by August Boehm ACBL Bulletin 2009
An increasingly common carding agreement is to use the trump suit to signal suit preference. Traditionally, if one signaled in trumps, the message was count. High-low showed an odd number of trumps, usually three, and low-high indicated an even number, two or four. Reversing the norm of high-low with a doubleton is sound. If your trumps are 9-2, it might be handy to preserve the 9, just in case there is a chance of an overruff or trump promotion.
The traditional signal is sometimes very helpful when holding three trumps and a ruffing potential. Let’s say that your partner wins the second round of trumps and has seen you play high-low. He knows that you hold a third trump, and, if you confine the signal to suggest ruffing potential rather than routine count, partner may have a useful clue of how to proceed.
Alas, this type of situation is fairly rare. On most deals, the defenders learn the trump count early because declarer draws trump, or the bidding may tell the tale. For defenders, this represents wasted opportunity. Accordingly, you might experiment with suit-preference signals in trumps – here’s the basic model.
Let’s say that spades are trump, and hearts are led, often clarifying the heart position. If your spade holding is 8-5-3, and declarer leads trump, you can choose the order to play your spots. Playing 3-5-8, the lowest card at every opportunity, indicates suit preference for clubs, the lower-ranking side suit. Playing 8-5-3, the highest card each time, advertises diamond preference. Both 5-3-8 and 5-8-3 (middle first) show no emphatic preference. Dedicated partnerships may elect to shade preferences into middle-up-down or middle-down-up.
Be wary, though, of trying to force this signal to do too much. For one, when defenders dither about which card to play, they risk sending unauthorized information. Fast cards are more emphatic than slow ones – players who lead quickly from singletons and slowly from doubletons, beware!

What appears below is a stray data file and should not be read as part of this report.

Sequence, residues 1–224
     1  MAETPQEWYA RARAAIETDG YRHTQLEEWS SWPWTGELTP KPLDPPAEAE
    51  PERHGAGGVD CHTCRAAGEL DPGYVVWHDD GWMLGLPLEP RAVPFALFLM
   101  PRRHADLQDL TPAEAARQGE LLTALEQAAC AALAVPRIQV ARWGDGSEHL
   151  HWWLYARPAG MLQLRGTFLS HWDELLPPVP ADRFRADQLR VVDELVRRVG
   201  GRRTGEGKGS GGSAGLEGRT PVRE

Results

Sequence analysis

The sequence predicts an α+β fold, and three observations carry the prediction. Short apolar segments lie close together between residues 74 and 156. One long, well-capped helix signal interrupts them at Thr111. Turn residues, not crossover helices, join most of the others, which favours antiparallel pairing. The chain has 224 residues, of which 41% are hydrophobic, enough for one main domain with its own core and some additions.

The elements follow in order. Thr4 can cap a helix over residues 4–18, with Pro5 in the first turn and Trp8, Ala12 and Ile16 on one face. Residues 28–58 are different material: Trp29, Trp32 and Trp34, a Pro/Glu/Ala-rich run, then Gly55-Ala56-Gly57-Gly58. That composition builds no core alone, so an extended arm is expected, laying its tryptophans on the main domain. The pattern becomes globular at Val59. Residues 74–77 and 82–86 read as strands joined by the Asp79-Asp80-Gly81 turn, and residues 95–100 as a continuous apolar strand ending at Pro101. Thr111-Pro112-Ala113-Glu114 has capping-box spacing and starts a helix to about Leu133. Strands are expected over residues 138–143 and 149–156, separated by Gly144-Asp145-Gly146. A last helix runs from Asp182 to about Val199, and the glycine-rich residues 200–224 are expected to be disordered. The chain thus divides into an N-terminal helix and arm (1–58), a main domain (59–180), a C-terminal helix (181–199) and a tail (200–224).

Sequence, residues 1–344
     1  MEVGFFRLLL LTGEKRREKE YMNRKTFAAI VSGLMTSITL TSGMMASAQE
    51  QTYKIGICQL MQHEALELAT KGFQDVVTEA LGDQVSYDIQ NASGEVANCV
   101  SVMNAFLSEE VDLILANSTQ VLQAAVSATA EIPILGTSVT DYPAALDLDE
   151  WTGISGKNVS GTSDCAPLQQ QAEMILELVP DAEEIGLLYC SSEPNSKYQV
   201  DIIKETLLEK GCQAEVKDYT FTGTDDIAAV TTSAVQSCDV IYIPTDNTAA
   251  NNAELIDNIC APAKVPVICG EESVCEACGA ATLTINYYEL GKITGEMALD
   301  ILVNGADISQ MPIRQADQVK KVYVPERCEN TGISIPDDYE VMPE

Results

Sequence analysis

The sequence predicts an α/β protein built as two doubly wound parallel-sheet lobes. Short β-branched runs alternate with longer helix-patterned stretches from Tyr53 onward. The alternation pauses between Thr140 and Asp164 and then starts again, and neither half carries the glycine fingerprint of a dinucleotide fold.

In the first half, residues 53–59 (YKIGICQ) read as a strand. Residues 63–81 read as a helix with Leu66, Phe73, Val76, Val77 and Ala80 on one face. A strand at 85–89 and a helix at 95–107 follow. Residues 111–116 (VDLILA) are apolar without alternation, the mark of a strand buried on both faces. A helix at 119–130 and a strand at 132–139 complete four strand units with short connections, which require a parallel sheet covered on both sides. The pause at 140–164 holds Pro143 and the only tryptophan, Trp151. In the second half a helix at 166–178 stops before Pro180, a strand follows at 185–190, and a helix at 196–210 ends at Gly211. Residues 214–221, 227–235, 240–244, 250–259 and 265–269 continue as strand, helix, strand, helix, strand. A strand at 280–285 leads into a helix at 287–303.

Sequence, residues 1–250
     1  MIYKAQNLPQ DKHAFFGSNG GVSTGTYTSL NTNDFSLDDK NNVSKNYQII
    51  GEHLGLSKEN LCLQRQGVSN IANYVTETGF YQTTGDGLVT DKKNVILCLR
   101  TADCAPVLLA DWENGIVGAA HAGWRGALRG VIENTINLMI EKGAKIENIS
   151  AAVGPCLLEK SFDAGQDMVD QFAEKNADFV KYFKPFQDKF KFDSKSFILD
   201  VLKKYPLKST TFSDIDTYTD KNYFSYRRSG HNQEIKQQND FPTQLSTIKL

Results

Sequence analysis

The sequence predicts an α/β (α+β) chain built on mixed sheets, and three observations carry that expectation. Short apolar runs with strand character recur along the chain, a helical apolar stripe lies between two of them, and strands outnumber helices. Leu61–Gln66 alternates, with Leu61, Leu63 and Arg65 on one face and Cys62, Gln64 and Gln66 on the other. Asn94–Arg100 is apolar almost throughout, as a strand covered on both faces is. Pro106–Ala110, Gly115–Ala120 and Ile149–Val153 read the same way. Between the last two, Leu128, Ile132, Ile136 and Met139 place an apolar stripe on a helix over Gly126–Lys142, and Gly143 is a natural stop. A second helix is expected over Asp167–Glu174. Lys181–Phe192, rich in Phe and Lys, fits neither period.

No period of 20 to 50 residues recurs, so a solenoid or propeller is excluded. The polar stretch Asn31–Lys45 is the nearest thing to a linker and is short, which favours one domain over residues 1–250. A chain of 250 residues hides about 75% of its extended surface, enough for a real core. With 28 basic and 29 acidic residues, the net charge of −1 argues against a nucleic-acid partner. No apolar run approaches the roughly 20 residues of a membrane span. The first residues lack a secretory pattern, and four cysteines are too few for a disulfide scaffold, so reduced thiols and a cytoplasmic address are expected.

The limitations of the method are evident when holding a doubleton trump. Again, suppose spades are trump and hearts have been led, restricting suit preference to the minors. Your spade holding is 7-4. If you first play the 4 to prefer clubs, or the 7 to prefer diamonds, that’s fine if it matches the message you wish to send. But perhaps you have a no emphatic preference. Then, you’re stuck.
The inherent problem is that you have four possible messages – diamonds, clubs, neither or both and only two signals. The common solution is to use high-low to emphasize diamonds (in this case), and low-high to show either club preference or no preference.
The trump signal can be extended to opening leads. Versus a spade contract, assume that you decide to lead a trump from a low tripleton such as 8-6-2. If you want a heart shift, lead the 8 (high); the 6 (middle) indicates a diamond preference, and the 2 (low) shows clubs, or no preference. Of course, partner (or declarer) may have to see a second or even a third round of trumps before decoding your message, but most spot-card signals share this same characteristic. Which trump do you lead from a doubleton trump against 4?
Following the method, a high trump is emphatic for hearts, low is neutral. Consider this deal:
South opens 1, North responds 1 , South rebids 3, North raises to 4 and South closes the auction with 5. You lead the Q, partner discourages, and declarer wins the ace. At trick two declarer leads a low trump. How do you plan to defend?
It’s not clear whether dummy poses a threat, which means that you are unsure whether to defend passively (continue spades) or attack. If you switch, which suit will it be? In hopes of obtaining information, duck the first diamond and win the second, noting partner’s contribution. Let’s say that partner follows with the 8, then the 4. Playing suit-preference signals in trump, partner has shown a heart preference, the higher-ranking side suit by playing the trump 8 first. Switch to a heart in case the full deal resembles:
Without a heart switch, declarer can use dummy fourth club for a heart discard, scoring his game.